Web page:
I'm concerned that this court ruling goes too far, too fast. In Vermont, the courts left enough wiggle room for a compromise solution that conferred the legal benefits of marriage without producing the sort of marriage license that can be transferred to other states. My hope has been that other progressive states would eventually follow suit, creating a regional alternative system of family law that would confer basic freedoms to gays and lesbians without stirring up a hornets' nest of resentment in the Red States ...

I fear that nothing short of an amendment to the US Constitution outlawing gay marriage may be the end result of this process. And that could set us back for generations ...

And in the end, I'm forced to concede that most of America is not ready for this sort of social change yet. Forcing civil rights measures down the throats of an unwilling majority is a drastic step to take in a democratic nation. It is a measure of last resort, that can create bitterness and resentment for years, as seen in the Southern U.S. to this very day. In 1964, Civil Rights for African Americans was an absolute necessity. Gay Americans today are fooling ourselves if we believe we are in the same category of oppressed minority.

[Find this post here.]

In response to Waldman's interpretation that, to the religious:

... homosexuality is wrong because it involves sex that doesn't create life. In the case of Judaism, a key Bible passage is the story of Onan, who sleeps with his dead brother's wife but, to avoid giving his brother offspring, doesn't ejaculate inside her. Instead, he "spilt the seed on the ground." God slew him, which some might view as a sign of disapproval ...

Subject: "The real 'missed conception'"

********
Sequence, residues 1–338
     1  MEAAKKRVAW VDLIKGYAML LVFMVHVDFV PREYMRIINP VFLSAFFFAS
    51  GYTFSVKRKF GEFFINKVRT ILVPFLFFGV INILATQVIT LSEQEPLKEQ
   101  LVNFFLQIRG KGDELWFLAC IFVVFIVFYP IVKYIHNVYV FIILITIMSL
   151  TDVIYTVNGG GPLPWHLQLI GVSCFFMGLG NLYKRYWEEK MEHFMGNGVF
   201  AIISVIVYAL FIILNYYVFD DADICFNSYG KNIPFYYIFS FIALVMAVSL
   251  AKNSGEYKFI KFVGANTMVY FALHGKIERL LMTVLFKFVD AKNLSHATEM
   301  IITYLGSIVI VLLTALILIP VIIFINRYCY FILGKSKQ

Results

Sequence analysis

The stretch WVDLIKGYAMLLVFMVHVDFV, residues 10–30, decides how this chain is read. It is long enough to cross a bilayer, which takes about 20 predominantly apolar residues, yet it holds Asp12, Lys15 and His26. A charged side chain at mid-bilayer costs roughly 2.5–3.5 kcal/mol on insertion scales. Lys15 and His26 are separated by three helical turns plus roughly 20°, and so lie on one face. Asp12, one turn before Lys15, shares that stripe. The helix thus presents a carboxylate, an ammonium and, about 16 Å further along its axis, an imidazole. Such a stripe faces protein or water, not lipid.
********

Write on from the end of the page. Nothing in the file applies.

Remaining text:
Re:     "A Common Missed Conception: Why religious people are against gay marriage."

From:  Srrurhino

Date:  Wed Nov 19 1359h

This is yet another misinterpretation of the story of Onan; the other is that the Onan story is the Biblical equivalent of an injunction against masturbation (i.e., "wasting one's seed"). Here's the actual story: Onan was ordered by God to have sex with his late brother's widow, so that she could conceive a child (I believe that Deuteronomy has a law relating to this). Onan rebelled against this command by practicing what amounted to a primitive form of birth control, removing himself from his sister's body just before ejaculating. God then killed him for disobeying the command to help his sister-in-law conceive. It has NOTHING, repeat, NOTHING to do with homosexuality or masturbation. One might just as plausibly argue that the story of Onan should be cherished by bankers, for inspiring the disclaimer "substantial penalties for early withdrawl."

All seriousness aside, there are specific verses in the Old Testament (Leviticus) and the New (Romans) condemning homosexuality. These are the bases for most conservative Christian objections to gay rights. As a supporter of gay and lesbian rights, I think there are constructive arguments to be made in rebuttal of the way in which Christians use these verses to advance their position. But we might as well be "straight" (pun intended) regarding the basis for their arguments.